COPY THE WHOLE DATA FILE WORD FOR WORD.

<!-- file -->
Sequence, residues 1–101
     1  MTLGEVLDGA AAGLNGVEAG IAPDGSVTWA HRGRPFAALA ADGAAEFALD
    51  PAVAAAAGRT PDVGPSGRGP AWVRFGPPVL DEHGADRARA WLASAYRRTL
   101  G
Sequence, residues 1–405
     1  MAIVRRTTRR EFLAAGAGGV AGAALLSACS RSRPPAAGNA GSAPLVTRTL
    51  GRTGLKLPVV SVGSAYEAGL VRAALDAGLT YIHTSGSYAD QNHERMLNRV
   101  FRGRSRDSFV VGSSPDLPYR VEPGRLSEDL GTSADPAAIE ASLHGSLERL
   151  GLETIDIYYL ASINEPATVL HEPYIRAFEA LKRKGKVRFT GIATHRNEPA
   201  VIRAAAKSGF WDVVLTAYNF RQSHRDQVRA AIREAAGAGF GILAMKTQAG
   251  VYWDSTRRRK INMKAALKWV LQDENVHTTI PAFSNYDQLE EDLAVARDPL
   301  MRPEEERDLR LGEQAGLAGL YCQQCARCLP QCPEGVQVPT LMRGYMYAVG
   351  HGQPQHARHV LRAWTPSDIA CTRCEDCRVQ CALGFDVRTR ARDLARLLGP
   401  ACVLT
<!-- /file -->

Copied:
Sequence, residues 1–101
     1  MTLGEVLDGA AAGLNGVEAG IAPDGSVTWA HRGRPFAALA ADGAAEFALD
    51  PAVAAAAGRT PDVGPSGRGP AWVRFGPPVL DEHGADRARA WLASAYRRTL
   101  G
Sequence, residues 1–405
     1  MAIVRRTTRR EFLAAGAGGV AGAALLSACS RSRPPAAGNA GSAPLVTRTL
    51  GRTGLKLPVV SVGSAYEAGL VRAALDAGLT YIHTSGSYAD QNHERMLNRV
   101  FRGRSRDSFV VGSSPDLPYR VEPGRLSEDL GTSADPAAIE ASLHGSLERL
   151  GLETIDIYYL ASINEPATVL HEPYIRAFEA LKRKGKVRFT GIATHRNEPA
   201  VIRAAAKSGF WDVVLTAYNF RQSHRDQVRA AIREAAGAGF GILAMKTQAG
   251  VYWDSTRRRK INMKAALKWV LQDENVHTTI PAFSNYDQLE EDLAVARDPL
   301  MRPEEERDLR LGEQAGLAGL YCQQCARCLP QCPEGVQVPT LMRGYMYAVG
   351  HGQPQHARHV LRAWTPSDIA CTRCEDCRVQ CALGFDVRTR ARDLARLLGP
   401  ACVLT